Wednesday, April 22, 2015



You use an elastic band these days that has been touched by the sun for a few hours and it snaps. To me it's symbolic of the lousy quality control that means everything from your refrigerator to your weed wacker stops working the day after the warranty expires.
I have a regular supply of elastic bands since the newspaper delivery guys use them whenever they don't leave my papers in a puddle or somewhere beyond hailing distance of the porch.
I use the bands to anchor a disabled parking permit in my car. It's a great aid by society to my wife who has trouble walking and I want to make sure the parking vultures see it. I find that two elastics are good for several days if I don't touch them.
I realize that kitchen appliances that used to last forever now blow up after 10 years plus one day. I have come to accept that the computer on which I am typing this seems to be obsolete after a year or two and one sneer from a millennial.
All this bugs me a lot. And thanks to the lousy manufacture of the elastic bands used by the Star and Post, I am reminded regularly of this when a simple elastic band can't stretch in the sun without getting melanoma.
(It also bugs me that there is this evil coalition between the electricity producers and the appliance manufacturers that pump out the propaganda that any device older than a year is a terrible waster of electricity.
You know, almost as much as the smart meters that don't work yet are used to savage me with high bills for an unused cottage.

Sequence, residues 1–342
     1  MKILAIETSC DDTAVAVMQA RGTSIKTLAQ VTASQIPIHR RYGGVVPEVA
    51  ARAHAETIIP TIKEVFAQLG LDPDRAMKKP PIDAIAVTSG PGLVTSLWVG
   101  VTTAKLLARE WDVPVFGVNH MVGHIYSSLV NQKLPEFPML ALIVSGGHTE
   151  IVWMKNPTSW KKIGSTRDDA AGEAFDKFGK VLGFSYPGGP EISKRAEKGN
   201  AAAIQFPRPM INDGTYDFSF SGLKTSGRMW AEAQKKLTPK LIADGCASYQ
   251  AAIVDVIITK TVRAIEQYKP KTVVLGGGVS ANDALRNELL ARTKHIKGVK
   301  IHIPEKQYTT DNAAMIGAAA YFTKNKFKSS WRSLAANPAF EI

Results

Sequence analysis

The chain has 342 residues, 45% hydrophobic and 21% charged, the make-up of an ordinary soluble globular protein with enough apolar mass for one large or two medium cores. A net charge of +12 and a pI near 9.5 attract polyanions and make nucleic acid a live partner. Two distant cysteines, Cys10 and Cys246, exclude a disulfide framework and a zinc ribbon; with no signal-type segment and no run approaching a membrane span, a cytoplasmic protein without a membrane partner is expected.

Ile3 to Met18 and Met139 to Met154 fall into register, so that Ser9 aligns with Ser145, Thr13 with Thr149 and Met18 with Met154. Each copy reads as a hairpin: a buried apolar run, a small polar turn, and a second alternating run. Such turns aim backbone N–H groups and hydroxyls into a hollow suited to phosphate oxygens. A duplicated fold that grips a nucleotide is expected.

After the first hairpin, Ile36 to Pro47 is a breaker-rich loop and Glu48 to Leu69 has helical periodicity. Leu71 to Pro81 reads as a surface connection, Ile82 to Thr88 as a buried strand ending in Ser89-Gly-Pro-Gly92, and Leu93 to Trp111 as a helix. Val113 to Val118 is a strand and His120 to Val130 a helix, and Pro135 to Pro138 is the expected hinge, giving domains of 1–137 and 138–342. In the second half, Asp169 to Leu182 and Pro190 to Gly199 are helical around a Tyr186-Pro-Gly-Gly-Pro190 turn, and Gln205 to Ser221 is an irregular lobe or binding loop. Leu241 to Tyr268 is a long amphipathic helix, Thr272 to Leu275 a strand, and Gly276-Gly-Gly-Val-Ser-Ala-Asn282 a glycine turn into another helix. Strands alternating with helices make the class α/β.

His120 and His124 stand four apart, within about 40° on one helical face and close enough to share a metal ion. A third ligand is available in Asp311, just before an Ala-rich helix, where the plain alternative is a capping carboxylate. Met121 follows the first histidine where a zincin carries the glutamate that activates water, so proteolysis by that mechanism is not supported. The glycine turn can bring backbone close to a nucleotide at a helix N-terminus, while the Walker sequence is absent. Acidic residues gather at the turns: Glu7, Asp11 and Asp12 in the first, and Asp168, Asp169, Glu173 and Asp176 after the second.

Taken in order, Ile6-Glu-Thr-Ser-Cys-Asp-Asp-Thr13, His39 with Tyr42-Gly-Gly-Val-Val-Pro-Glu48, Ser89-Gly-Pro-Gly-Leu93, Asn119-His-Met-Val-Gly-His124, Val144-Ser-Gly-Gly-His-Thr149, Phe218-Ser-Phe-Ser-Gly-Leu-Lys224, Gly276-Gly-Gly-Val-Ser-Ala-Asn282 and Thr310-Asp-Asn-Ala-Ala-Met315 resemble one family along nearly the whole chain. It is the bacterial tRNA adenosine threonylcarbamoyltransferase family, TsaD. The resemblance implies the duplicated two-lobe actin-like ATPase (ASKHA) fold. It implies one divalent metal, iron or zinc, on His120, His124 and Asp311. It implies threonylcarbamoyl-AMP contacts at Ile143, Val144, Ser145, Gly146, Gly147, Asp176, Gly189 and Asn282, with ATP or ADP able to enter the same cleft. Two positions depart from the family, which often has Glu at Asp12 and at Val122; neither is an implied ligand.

I inherited a fridge when I bought my house half a century ago (which actually seems just yesterday. ) I used it for 10 years and then it spent several decades as a beer fridge as we bought several replacements which were a lot larger and a lot weaker.)
I know that most Canadian appliances are made by just one company. You would think that with all the practise they would make a better product. They slap different names on them, and the more expensive ones have costlier trim, but are never sturdier for some suspicious reason.
And yet the various provincial and municipal power vultures, which are supposed to care more about the public  than private companies,  encourage us to scrap any old fridge that lasts on the grounds it's a power hog. Well, it takes one to know one!
I remember when an elastic band was sturdy enough to survive a morning of being shot around a public school classroom at any exposed neck, except for the girls of course who tended to tattle when you hit them.
The good old days, when things didn't wear out just after you took them out of the package.

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